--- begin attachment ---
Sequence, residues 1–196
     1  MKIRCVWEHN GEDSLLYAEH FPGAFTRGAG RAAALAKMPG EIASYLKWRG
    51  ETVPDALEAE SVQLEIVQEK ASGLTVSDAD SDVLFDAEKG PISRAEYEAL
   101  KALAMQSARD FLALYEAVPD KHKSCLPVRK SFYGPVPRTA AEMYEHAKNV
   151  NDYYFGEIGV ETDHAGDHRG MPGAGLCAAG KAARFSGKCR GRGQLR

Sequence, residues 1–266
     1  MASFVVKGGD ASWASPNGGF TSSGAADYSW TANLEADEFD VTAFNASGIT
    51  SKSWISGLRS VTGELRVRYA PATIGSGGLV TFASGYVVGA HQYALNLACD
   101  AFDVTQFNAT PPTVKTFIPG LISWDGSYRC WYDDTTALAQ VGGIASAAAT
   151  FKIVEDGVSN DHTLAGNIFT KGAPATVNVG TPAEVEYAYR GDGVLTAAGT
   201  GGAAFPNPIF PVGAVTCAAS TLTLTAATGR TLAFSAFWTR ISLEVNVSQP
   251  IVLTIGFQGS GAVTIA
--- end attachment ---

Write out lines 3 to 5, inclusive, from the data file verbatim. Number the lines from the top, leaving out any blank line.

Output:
    51  ETVPDALEAE SVQLEIVQEK ASGLTVSDAD SDVLFDAEKG PISRAEYEAL
   101  KALAMQSARD FLALYEAVPD KHKSCLPVRK SFYGPVPRTA AEMYEHAKNV
   151  NDYYFGEIGV ETDHAGDHRG MPGAGLCAAG KAARFSGKCR GRGQLR